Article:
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Let $P(x)$ a polynomial in x with real coefficients such that for all real numbers $x, y, z$ satisfying $xy + yz + zx = 1$,$ P(x) + P(y) + P(z) = P(x + y + z)$. Furthermore, $P(0) = 1$ & $P(1) = 4$. Find $P(2017)$.

This looks to me like the Cauchy functional equation which is why the title. I understand that a Cauchy equation has solutions of the type $f(x)=cx$ but can't figure out the case here with that constraint. My wild guess, however, is that $P(x)$ should be a perfect square. Please help.

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  • $\begingroup$ The constraint adds possible solutions. For example, consider $P(x) = x^2+1$. $\endgroup$ – Michael L. Aug 1 '17 at 20:45
  • $\begingroup$ Can you explain a bit more? $\endgroup$ – Epsilon zero Aug 1 '17 at 20:46
  • $\begingroup$ Hint. $P(2)=P(1+1+0)=P(1)+P(1)+P(0)=9$ $\endgroup$ – serg_1 Aug 1 '17 at 20:55
  • $\begingroup$ @AnuranChowdhury $xy+yz+zx = 1$ has the solution $z = \frac{1-xy}{x+y}$. You can check that $$P(x)+P(y)+P\left(\frac{1-xy}{x+y}\right) = P\left(x+y+\frac{1-xy}{x+y}\right)$$ for $P(x) = x^2+1$. This $P$ doesn't solve your problem, of course, as $P(1)\neq 4$. $\endgroup$ – Michael L. Aug 1 '17 at 20:59
  • $\begingroup$ Now that we have one solution $(x+1)^2,$ who can show that there are no others? $\endgroup$ – Reiner Martin Aug 1 '17 at 21:11
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Note that $P(x) = ax^2+bx+a$ solves this problem, as \begin{align*} P(x+y+z)-P(x)-P(y)-P(z) &= a(x+y+z)^2-a(x^2+y^2+z^2)-2a \\ &= 2a(xy+yz+zx-1) \end{align*} Then, we can impose $P(0) = a = 1$ and $P(1) = 2a+b = 4$. The latter implies $b = 2$, so we have $P(x) = x^2+2x+1 = (x+1)^2$. Then we find $P(2017) = 2018^2$.


To prove that this is the only solution, note that for $$P^*(x, y, z) := P(x+y+z)-P(x)-P(y)-P(z)$$ $P^*(x, y, z)$ must be in the ideal generated by $xy+yz+zx-1$ in $\mathbb{C}[x, y, z]$ as this polynomial is irreducible over $\mathbb{C}$. Therefore, $$P^*(x, y, z) = Q(x, y, z)(xy+yz+zx-1)$$ for some polynomial $Q$. Note that $P^*(x, y, z)$ and $xy+yz+zx-1$ are both symmetric polynomials. In particular, $xy+yz+zx-1 = \frac{1}{2}p_1^2-\frac{1}{2}p_2-1$, where $p_k := x^k+y^k+z^k$. Now, note that for $P(x) = \sum_{k=0}^n a_kx^k$, $$P^*(x, y, z) = \sum_{k=0}^n a_k(p_1^k-p_k)$$ As $Q(x, y, z)$ is the quotient of symmetric polynomials, it must also be a symmetric polynomial. Thus, we write $R^*(p_1, p_2, \ldots, p_n)$ and $R(p_1, p_2, \ldots, p_n)$ to be the polynomial representations of $P^*$ and $Q$ respectively in terms of power sums (which are algebraically independent). After switching to $R$ and $R^*$, our equation in $P^*$ and $Q$ becomes $$R^*(p_1, \ldots, p_n) = \left(\frac{1}{2}p_1^2-\frac{1}{2}p_2-1\right)R(p_1, \ldots, p_n)$$ If $a_n\neq 0$ for some $n\geq 3$, then $R^*(p_1, \ldots, p_n)$ will have a nonzero term $-a_np_n$. However, this term cannot appear on the right-hand side, as if $R$ has a term $a_np_n$, then it would imply that $R^*$ also has terms $-\frac{a_n}{2}p_1^2p_n$ and $-\frac{a_n}{2}p_2p_n$ (which do not appear in the above sum). Thus, $R^*$ must equal $-2a_0+a_2(p_1^2-p_2)$, which implies that $\deg(R) = \deg(R^*)-2 = 0$. Then, $R\equiv c$ for some constant $c$, and $a_0 = a_2 = \frac{c}{2}$. Letting $a = \frac{c}{2}$ and $b = a_1$, we have $$P(x) = ax^2+bx+a$$ as above.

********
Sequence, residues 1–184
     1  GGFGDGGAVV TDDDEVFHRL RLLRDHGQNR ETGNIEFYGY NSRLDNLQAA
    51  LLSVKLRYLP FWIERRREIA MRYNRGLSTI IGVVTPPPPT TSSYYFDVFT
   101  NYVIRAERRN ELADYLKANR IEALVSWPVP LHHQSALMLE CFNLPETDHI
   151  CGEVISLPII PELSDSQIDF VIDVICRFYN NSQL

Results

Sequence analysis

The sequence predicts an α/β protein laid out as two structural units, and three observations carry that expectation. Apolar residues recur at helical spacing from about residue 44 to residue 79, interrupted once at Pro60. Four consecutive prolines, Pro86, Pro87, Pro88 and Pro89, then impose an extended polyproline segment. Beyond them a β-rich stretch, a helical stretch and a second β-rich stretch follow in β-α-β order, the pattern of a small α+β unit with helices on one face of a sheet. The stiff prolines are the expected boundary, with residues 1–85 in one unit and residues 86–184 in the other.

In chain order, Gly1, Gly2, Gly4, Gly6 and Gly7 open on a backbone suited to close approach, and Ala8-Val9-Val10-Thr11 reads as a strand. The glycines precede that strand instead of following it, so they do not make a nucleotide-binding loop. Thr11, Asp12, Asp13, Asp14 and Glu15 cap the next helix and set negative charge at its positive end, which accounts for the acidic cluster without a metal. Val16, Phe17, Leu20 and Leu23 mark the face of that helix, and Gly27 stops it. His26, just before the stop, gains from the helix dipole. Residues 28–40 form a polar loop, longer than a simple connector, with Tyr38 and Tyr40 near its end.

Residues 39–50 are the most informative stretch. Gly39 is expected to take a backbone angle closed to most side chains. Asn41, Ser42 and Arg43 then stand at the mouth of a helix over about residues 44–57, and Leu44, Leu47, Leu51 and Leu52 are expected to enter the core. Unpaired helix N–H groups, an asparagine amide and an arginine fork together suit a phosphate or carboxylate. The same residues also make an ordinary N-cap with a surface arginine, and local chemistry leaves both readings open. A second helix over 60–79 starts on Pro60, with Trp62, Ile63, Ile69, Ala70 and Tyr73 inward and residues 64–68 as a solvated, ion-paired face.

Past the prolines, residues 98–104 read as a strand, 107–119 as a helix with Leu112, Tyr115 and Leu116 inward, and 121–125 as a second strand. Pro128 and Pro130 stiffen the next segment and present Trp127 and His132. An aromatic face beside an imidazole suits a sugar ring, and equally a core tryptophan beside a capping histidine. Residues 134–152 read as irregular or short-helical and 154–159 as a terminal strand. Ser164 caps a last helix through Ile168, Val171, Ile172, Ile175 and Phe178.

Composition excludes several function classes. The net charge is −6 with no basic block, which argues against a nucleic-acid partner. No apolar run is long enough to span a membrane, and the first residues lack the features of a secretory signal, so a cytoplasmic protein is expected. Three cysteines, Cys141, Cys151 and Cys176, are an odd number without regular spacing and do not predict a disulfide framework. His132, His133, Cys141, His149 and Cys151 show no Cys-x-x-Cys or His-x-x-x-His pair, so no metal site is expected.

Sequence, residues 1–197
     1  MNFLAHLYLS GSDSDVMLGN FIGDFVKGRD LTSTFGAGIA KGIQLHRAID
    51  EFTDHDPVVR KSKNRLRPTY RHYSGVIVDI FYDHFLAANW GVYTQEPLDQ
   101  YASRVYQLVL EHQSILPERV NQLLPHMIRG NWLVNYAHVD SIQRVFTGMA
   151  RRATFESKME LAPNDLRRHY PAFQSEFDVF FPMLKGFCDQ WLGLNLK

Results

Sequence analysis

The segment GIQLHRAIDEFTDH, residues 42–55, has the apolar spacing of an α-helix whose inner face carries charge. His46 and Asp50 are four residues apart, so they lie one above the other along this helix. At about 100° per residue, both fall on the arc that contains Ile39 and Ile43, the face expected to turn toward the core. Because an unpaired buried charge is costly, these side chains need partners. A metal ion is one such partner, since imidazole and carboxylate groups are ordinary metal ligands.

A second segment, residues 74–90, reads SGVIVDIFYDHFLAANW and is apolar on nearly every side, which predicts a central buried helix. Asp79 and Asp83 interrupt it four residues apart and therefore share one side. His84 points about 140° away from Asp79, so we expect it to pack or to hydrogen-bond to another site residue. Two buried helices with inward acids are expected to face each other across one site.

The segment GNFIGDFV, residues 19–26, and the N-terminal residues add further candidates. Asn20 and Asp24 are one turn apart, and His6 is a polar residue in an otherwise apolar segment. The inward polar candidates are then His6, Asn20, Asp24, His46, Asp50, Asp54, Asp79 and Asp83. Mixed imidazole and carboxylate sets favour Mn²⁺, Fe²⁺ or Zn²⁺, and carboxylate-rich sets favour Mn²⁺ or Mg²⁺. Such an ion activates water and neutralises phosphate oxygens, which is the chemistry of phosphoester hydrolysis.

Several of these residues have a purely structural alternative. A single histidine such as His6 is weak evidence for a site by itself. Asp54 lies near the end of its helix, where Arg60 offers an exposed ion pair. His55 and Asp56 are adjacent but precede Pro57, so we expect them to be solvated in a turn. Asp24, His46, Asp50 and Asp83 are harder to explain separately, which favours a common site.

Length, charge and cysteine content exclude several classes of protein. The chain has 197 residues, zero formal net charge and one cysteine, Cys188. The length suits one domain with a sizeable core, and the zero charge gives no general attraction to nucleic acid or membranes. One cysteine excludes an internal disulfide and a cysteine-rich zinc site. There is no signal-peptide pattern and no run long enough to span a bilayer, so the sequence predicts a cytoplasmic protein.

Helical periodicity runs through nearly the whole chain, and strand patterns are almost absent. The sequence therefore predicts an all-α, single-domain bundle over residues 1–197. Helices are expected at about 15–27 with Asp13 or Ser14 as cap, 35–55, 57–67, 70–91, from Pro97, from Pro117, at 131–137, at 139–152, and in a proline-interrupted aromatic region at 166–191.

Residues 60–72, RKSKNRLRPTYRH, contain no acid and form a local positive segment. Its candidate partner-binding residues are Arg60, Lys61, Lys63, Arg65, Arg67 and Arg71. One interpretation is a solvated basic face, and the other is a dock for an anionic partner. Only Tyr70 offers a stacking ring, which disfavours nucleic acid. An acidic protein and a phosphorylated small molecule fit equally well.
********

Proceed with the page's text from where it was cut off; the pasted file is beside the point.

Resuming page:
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One solution is $P(x)=(x+1)^2,$ as then $$ P(x+y+z)=P(x)+P(y)+P(z)+2(xy+yz+zx-1). $$ Thus, $P(2017)$ can be $2018^2.$

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By $P(2)=P(1+1+0)=P(1)+P(1)+P(0)=9.$ How about assuming $P(x)=(x+1)^2$ Checking $P(x+y+z)=(x+y+z+1)^2=x^2+2x+y^2+2y+z^2+2z+2(xy+yz+xz)+1=x^2+2x+y^2+2y+z^2+2z+1+1+1=(x+1)^2+(y+1)^2+(z+1)^2=P(x)+P(y)+P(z)$

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